Election appears to bring Zimbabwe closer to single-party rule

The massive vote accorded the ZANU-PF party of Prime Minister Robert Mugabe has prompted him to take a much harder line on opposition parties. It also appears to have moved Zimbabwe closer to being a one-party state. Mr. Mugabe took a total of 76 percent of the vote, a considerable 13 percent increase over his party's share in the elections in 1980 when Zimbabwe became independent.

His chief opposition, the ZAPU party of Joshua Nkomo, maintained its hold on the western provinces of Matabeleland, winning all 15 seats there.

At a press conference last weekend, Mugabe said ZAPU would not be allowed the privilege of engaging in Zimbabwe's democratic process. ``ZAPU will be stopped,'' he said.

Mugabe holds ZAPU responsible for the guerrilla unrest that has forced periodic deployments of troops into Mata-beleland.

Mugabe said it was a ``must'' for the country to be run as a one-party state within this term of government, whether or not the opposition parties objected. In the past Mugabe has always said a single-party state would be achieved only by consent.

Zimbabwe's Constitution, drafted by the British in 1979, guarantees freedom of political association until 1990. It is not clear how Mugabe would get around this provision, should he try to implement single-party rule before then.

Zimbabwe's Constitution also guarantees the country's white minority 20 seats, out of a total of 100, in Parliament. Mugabe said this requirement was ``intolerable,'' and he could not wait for the statutory period to elapse. The constitutional provision for white seats can be changed only if all members of Parliament approve. After 1987 the requirement drops to 70 percent of Parliament.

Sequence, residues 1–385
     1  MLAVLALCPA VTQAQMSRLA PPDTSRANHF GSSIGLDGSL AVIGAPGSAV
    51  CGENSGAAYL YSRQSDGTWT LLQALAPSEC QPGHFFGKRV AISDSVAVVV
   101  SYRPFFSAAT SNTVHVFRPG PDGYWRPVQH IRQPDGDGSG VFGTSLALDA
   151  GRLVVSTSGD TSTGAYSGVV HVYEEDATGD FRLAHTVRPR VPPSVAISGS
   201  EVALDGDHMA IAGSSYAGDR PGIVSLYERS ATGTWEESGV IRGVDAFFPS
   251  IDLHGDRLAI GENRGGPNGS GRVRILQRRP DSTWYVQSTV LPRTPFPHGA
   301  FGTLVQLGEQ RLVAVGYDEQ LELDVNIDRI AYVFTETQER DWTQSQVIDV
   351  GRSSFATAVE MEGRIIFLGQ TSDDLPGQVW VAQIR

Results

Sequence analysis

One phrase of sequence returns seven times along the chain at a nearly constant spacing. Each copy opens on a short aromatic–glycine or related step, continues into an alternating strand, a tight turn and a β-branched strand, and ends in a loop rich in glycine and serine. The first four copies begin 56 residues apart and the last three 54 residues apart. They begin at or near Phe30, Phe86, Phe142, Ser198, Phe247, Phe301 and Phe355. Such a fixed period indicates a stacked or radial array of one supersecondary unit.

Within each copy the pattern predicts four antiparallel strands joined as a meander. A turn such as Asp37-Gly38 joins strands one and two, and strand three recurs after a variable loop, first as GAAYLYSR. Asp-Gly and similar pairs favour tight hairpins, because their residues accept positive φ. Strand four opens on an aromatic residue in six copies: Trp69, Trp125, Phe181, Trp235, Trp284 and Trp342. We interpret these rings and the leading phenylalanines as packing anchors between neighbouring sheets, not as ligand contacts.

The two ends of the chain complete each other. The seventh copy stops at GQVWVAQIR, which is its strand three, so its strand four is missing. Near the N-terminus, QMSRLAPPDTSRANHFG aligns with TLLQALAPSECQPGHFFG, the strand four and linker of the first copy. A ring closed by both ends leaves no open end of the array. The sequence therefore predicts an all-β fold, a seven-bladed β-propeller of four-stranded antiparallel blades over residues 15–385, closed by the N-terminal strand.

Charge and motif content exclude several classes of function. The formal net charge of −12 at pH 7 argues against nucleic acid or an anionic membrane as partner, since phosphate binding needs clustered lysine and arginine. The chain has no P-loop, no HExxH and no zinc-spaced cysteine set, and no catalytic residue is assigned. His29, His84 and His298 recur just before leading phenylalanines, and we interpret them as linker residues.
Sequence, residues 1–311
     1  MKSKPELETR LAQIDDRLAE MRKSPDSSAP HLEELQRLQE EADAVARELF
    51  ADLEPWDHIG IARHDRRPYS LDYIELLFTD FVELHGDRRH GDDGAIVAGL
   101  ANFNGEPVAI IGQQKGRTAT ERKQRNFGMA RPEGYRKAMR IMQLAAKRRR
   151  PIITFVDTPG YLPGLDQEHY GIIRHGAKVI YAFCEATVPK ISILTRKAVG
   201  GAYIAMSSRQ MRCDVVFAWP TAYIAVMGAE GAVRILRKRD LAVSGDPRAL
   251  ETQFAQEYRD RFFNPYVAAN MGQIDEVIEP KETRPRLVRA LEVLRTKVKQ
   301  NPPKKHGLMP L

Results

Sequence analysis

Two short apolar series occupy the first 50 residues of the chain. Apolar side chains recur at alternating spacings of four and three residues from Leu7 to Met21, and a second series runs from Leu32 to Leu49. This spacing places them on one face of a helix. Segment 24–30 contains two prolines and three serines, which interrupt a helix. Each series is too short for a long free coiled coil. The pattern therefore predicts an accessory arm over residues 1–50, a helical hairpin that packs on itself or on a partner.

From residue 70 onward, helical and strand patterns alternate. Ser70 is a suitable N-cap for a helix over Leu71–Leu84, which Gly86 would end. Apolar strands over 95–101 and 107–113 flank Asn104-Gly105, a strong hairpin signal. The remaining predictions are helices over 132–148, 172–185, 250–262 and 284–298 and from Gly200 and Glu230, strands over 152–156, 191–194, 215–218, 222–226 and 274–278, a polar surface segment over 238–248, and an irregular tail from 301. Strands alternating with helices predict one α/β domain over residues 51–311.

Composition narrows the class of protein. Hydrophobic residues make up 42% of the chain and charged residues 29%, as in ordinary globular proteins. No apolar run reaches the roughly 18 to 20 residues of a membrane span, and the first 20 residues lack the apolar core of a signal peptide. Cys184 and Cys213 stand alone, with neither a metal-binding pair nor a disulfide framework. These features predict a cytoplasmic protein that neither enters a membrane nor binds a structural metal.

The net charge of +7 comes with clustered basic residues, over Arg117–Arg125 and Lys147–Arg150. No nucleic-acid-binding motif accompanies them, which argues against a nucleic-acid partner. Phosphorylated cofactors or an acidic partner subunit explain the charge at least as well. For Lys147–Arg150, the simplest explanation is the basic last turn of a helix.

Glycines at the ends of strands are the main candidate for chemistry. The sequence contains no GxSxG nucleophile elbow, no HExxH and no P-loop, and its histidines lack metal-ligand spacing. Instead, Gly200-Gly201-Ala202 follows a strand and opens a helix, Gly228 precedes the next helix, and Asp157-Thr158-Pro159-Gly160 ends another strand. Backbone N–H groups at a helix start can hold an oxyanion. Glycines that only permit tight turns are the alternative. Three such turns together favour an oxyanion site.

Mugage said if the change could not be done with the support required, ``We will make the amendments with the support of those who want the amendments made.''

He was also firm about the prospects of whites who have not adapted to the circumstances in a country ``where the African sets the pace.'' The racists, he said, ``must leave the country.''

Prior to the black vote, whites strongly supported the party of Ian Smith, the Conservative Alliance of Zimbabwe.

The white vote seemed to signal a conservative drift among whites. Mr. Smith ruled the country prior to independence when it was called Rhodesia.

Those who were not racists, Mugabe said, would have nothing to fear. ``We will work with those whites who want to work with us.''

There are reports that the rank and file of the victorious party have begun to turn against supporters of opposition parties, with reports of evictions, beatings, and stonings.

An analysis of the vote in Matabeleland -- the stronghold of Mr. Nkomo and his ZAPU party -- shows a marginal swing of up to 5 percent to Mugabe's ZANU-PF.

The United African National Council, which won three seats in 1980, saw its share of the vote quartered to just over 60,000. The UANC won no seats.

Excluding ZAPU, the opposition vote amounted to less than 3 percent of the total votes cast. ZANU-PF lost one seat, in Chipinge.

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